What Is a Sand Trap on a Golf Course?

golfer plays a shot from a sand trap

A "sand trap" is a depression or hollowed-out area on a golf course that has been filled with sand. A sand trap, in other words, is a bunker.

Bunker is the more commonly used term, but sand trap is also in everyday usage on the golf course. "Sand trap" and "bunker" are, among most golfers, interchangeable. Sand traps can also be calls sand bunkers or just traps. (See also: 34 slang terms golfers have for bunkers and sand.)

Sand traps often show up on golf courses as things golfers are forced to play around or over, or as areas golfers need to plan their way around or aim to avoid. Sand traps thereby add to the tactical and strategic play, a golfer's "course management" skills.

They are most commonly encountered alongside fairways and around putting greens. The size and shape of sand traps varies widely from trap to trap — they can be tiny or huge or anything in-between; uniform in shape, circular, oblong, or weirdly shaped. Some golfers courses have a lot of them, while others have zero traps.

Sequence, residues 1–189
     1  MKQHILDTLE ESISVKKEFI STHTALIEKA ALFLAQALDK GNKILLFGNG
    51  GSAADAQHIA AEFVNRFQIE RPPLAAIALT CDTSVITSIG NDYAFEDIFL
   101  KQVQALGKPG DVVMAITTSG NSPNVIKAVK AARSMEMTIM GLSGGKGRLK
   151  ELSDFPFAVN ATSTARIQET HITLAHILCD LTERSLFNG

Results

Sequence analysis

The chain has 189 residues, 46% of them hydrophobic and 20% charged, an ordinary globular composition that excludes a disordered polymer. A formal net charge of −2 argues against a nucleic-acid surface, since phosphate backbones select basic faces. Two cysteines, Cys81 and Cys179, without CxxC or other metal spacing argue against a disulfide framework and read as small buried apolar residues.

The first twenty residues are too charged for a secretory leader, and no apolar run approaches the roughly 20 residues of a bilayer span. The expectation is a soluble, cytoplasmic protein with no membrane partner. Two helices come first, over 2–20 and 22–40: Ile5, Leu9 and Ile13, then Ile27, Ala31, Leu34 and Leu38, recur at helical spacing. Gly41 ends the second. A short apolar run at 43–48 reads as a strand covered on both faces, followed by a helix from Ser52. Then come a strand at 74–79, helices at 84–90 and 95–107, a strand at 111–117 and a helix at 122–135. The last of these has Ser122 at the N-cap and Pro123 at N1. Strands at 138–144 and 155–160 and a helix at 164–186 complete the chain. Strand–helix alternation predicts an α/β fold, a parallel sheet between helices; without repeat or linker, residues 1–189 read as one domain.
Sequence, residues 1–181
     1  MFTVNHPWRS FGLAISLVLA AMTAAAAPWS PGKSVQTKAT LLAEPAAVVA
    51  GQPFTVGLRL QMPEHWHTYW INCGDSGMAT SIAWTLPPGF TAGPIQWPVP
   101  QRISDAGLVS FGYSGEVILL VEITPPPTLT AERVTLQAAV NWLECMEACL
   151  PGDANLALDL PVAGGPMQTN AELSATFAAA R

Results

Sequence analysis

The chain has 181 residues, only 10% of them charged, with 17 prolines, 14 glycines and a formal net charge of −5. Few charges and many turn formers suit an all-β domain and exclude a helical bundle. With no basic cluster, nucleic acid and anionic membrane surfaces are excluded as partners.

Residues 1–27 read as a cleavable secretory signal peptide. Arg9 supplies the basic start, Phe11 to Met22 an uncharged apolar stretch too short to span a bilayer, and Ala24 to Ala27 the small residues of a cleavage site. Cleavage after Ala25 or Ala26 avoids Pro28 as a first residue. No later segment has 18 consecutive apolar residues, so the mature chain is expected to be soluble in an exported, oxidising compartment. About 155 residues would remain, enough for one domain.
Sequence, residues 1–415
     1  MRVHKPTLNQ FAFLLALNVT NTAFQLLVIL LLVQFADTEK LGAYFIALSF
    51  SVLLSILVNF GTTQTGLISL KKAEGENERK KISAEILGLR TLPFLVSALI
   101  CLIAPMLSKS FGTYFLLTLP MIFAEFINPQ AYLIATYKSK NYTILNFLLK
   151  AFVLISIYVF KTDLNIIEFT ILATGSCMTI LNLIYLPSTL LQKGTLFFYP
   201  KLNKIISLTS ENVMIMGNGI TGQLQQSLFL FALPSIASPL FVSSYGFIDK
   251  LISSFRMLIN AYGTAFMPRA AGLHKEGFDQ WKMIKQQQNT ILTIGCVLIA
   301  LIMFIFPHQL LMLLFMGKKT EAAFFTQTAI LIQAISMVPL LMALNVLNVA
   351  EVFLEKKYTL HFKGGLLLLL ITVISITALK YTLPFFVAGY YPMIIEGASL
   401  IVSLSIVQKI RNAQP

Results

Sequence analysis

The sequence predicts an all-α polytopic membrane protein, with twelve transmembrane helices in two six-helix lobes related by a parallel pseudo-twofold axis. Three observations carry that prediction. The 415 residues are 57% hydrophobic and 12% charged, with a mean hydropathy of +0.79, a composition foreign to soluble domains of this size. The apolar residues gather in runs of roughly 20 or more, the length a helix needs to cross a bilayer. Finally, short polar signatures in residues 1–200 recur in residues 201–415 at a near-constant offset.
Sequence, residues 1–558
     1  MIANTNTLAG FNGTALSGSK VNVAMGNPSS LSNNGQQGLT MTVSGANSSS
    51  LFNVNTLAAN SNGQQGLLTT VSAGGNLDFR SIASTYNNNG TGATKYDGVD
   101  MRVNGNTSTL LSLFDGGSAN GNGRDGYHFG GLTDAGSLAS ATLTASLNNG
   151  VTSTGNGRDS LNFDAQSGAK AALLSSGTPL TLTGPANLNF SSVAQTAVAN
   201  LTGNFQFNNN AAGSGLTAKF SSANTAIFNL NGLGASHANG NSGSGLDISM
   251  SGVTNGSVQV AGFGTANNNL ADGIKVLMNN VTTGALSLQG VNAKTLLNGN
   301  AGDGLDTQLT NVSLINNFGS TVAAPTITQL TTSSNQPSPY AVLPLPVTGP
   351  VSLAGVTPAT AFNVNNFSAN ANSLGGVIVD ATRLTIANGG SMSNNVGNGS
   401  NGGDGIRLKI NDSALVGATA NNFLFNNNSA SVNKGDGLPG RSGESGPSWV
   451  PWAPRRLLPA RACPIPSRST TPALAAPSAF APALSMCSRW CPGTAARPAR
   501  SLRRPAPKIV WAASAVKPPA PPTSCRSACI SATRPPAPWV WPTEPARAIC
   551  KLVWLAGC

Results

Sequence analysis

In the Official Rules of Golf, bunkers are referred to as "specially prepared areas intended to test the player's ability to play a ball from the sand." The official definition of a bunker, as it appears in the rulebook, is this: "A specially prepared area of sand, which is often a hollow from which turf or soil was removed."

Is one term — sand trap or bunker — preferred over the other? Is one or the other term considered correct? The two governing bodies of golf, the R&A and USGA, never use the term "sand trap," sticking only with "bunker." So, technically, bunker is the correct term. And because of that, bunker, throughout the golf world, is the more commonly used word. But "sand trap" (outside of a rules context) is perfectly acceptable, and is very commonly used among everyday golfers.

The rules relating to sand traps — er, bunkers — are covered in Rule 12 of the Official Rules of Golf.

Related articles:

Photo credit: Photo by Mike Cox on Unsplash

Popular posts from this blog